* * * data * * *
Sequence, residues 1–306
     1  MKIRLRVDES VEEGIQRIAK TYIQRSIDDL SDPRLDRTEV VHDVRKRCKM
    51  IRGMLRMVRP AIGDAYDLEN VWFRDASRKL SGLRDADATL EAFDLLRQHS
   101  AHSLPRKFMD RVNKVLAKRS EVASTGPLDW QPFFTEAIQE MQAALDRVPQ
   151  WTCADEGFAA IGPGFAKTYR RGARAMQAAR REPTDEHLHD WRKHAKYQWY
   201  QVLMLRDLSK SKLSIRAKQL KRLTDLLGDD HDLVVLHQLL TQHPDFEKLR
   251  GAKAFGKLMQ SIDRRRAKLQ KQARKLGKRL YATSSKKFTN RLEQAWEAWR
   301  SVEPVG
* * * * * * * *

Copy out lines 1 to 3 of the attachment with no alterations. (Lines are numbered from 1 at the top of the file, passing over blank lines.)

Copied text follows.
Sequence, residues 1–306
     1  MKIRLRVDES VEEGIQRIAK TYIQRSIDDL SDPRLDRTEV VHDVRKRCKM
    51  IRGMLRMVRP AIGDAYDLEN VWFRDASRKL SGLRDADATL EAFDLLRQHS